By Tim Kalinowski on June 4, 2021.
As the contentious Heritage Committee debate continues in Ottawa surrounding the federal government’s Bill C10, Lethbridge MP and Official Opposition Critic for Digital Government Rachael Harder says many Canadians aren’t fully aware what’s at stake if the bill passes– particularly since section 4.1, which exempted social media and Internet creators from strict Canadian content laws, has now been removed.
“Bill C10 is being put through under the guise of modernizing the Broadcasting Act, but, in fact, what this bill is actually about is regulating the Internet,” says Harder.
And Harder is not alone in her concerns as several legal experts and former CRTC officials have stated that they feel the bill is a vast overreach into the individual lives of Canadians, and likely in violation of the Charter of Rights and Freedoms which guarantees freedom of expression and the right to be heard.
Canadian Heritage Minister Steven Guilbeault, buoyed by committee support for the bill from the Bloc Quebecois and the NDP, has dismissed these concerns, stating, “I mean, to think that we would somehow adopt legislation that would be counter to the Canadian Charter of Rights and Freedoms, is a pure fabrication.”
However, Guilbeault has so far declined to submit the bill to outside constitutional opinions from legal experts to see if it passes the Charter test since the committee removed section 4.1. The Heritage Committee also voted down a motion from Harder earlier this year 5-4 demanding just such a legal test. The Committee also defeated Harder’s attempt to have section 4.1 reinstated to the bill just this week.
Harder says it all leaves her with one inescapable conclusion.
“The Liberals decided back in April they were going to remove that (4.1) clause,” says Harder. “When they removed that clause, they then made Canadians, their individual content they are posting online, they made that content susceptible to regulations of the bill. Which means their content will be censored. What you post on YouTube, what you post on Facebook, what you post on TikTok, will be measured according to its degree of ‘Canadianess.’ And then it will either be allowed to stand or not allowed to stand, or it will be promoted or demoted, within the network or framework of the platform on which it is posted.”
“With Bill C10 the government is going to step in and mandate that you as a Canadian be recommended videos that are ‘Canadian’ according to their definition,” she adds. “You are then limited as a viewer as to what you can and cannot access, which is wrong.”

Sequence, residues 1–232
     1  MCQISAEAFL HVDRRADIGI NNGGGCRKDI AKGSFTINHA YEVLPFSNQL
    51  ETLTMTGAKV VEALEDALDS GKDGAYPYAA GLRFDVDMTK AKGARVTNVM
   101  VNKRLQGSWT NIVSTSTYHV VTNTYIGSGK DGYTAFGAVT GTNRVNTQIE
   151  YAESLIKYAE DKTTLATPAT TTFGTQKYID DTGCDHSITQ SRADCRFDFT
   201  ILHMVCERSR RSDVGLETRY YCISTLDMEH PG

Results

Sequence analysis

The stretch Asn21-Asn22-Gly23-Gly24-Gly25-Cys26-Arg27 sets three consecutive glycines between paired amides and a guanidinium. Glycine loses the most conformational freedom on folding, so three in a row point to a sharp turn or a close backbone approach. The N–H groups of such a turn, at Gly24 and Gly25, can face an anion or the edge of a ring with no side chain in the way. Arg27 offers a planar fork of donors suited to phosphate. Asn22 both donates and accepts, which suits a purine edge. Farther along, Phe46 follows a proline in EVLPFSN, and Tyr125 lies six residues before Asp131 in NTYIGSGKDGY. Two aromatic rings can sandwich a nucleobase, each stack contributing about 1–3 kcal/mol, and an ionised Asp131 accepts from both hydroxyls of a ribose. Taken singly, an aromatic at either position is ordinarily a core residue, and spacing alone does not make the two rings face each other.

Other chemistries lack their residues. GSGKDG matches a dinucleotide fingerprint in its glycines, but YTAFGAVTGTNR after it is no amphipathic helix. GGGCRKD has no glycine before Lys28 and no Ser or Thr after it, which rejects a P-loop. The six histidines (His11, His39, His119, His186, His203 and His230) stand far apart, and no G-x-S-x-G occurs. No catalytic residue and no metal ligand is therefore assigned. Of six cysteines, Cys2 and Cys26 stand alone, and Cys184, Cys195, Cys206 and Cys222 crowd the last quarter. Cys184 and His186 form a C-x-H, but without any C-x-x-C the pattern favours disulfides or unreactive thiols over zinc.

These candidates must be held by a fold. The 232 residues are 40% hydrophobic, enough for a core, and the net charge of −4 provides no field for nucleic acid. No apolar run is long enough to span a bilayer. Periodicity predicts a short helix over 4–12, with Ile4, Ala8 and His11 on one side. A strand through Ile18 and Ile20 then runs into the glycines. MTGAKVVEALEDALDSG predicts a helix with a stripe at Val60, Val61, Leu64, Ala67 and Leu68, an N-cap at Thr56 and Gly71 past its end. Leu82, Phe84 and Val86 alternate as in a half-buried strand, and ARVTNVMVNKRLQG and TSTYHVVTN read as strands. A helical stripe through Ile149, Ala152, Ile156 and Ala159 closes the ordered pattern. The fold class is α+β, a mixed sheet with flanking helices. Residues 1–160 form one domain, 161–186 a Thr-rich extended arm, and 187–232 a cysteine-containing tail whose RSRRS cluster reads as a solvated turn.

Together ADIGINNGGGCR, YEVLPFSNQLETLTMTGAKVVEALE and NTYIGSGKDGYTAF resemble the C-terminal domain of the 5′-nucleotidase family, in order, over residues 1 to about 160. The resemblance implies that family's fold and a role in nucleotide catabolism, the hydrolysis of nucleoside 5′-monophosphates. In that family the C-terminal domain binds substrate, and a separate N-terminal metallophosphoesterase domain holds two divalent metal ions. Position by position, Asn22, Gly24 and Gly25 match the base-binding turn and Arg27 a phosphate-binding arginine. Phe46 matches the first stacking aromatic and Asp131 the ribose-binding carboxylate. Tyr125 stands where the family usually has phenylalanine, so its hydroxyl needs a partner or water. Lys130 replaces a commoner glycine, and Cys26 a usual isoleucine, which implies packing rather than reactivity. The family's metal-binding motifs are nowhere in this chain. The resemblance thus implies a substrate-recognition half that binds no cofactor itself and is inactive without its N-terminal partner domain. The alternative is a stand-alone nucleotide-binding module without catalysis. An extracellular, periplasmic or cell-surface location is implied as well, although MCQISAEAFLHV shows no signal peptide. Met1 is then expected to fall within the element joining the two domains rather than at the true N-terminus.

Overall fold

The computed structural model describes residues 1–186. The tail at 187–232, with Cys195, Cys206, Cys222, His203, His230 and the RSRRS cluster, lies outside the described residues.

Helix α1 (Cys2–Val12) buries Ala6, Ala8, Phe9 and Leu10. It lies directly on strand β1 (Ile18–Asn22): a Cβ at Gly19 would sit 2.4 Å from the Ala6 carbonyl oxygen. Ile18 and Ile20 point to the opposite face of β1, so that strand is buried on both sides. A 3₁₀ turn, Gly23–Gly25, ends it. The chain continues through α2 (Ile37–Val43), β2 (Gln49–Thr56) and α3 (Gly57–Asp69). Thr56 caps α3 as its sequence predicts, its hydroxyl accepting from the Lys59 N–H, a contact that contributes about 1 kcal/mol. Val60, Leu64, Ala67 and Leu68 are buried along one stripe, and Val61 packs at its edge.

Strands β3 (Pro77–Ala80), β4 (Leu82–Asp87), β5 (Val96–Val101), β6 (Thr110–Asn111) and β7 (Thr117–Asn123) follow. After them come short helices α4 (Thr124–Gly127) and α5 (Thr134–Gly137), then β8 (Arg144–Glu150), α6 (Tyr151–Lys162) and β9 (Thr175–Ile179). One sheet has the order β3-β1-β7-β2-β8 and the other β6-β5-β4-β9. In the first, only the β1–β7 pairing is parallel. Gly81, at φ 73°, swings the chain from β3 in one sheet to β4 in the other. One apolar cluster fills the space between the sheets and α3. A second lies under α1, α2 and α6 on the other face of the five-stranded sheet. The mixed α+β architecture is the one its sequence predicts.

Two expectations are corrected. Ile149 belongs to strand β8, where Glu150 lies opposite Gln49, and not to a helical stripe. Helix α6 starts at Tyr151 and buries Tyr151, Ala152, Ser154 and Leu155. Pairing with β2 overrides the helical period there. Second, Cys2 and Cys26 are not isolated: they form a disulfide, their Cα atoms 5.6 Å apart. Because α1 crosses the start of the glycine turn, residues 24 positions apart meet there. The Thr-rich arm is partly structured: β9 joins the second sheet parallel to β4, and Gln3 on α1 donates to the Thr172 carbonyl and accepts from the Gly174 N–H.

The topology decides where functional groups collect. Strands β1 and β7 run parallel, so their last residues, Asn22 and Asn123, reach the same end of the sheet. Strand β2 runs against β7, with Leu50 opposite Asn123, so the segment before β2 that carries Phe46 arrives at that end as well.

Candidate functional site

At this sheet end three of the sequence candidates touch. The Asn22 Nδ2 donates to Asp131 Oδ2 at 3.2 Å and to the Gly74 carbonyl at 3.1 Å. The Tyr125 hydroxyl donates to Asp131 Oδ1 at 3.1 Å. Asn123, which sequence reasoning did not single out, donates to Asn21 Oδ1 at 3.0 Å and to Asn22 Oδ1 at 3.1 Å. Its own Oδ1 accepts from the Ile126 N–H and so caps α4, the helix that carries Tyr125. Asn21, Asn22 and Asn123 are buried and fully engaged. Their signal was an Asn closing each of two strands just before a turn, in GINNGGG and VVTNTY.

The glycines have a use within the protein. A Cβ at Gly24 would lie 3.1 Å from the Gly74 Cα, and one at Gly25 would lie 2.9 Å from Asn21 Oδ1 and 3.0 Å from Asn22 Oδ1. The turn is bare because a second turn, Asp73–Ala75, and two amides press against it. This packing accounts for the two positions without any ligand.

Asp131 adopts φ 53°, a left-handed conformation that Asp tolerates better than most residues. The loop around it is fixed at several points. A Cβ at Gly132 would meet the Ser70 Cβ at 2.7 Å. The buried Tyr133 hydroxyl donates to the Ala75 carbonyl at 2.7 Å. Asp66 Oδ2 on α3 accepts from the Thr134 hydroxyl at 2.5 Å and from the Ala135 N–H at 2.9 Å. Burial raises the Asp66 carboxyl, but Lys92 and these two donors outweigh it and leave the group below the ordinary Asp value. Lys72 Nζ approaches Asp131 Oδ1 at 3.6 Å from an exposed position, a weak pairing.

While there is a strong voice of united opposition to Bill C10 by different sectors of Canadian society in regards to potential censorship of individual creators and users, Harder goes one step further, and wonders what is the use in having the other parts of the bill which force large streaming companies like Netflix or Disney + into paying in a Canadian content fund in the first place?
“If what we were looking at was applying the GST to these companies that are American-based, but functioning in Canada, that would be appropriate,” she muses. “They are functioning within our country, they should pay into our tax system. But what we are talking about here is requiring these companies take 30 per cent of their revenues generated from in Canada, and to put that 30 per cent into a Canadian Arts Fund.
“That arts fund actually goes toward a very niche group of artists that are stuck in the early 1990s because they haven’t managed to be competitive on new platforms. So they are very reliant on government grants in order to continue to exist. And, quite frankly, they are producing material that Canadians just don’t want. Because, at the end of the day, if Canadians did want it then there would be a market for it. And if there was a market for it then these artists would get paid based on the market.”
She feels this special interest group, many of whom originate in Quebec in her opinion, are the real drivers behind Bill C10, and that’s why the Liberals, Bloc and NDP, which are all trying to gain votes in that province, are flirting with passing a bill, likely by this fall, which will certainly face a constitutional challenge as soon as it is given Royal Assent.
“These artists are not able to make a living off of what they are producing,” she says; “so they require grants that are given to them by the government. And so these little, niche lobby groups composed of outdated artists are going to the Liberal government and asking them to charge these large streaming companies in order to bring about more money to put into these grant funds so these outdated artists can then apply for that money so they can continue to create material Canadians don’t want to watch.”
Many Canadian artists and their supporters have spoken up in favour of CanCon rules, which have allowed them to compete more equitably with international mega corporations with massive marketing budgets, to be able to produce and sell their art in Canada and abroad despite having access to fewer financial resources.
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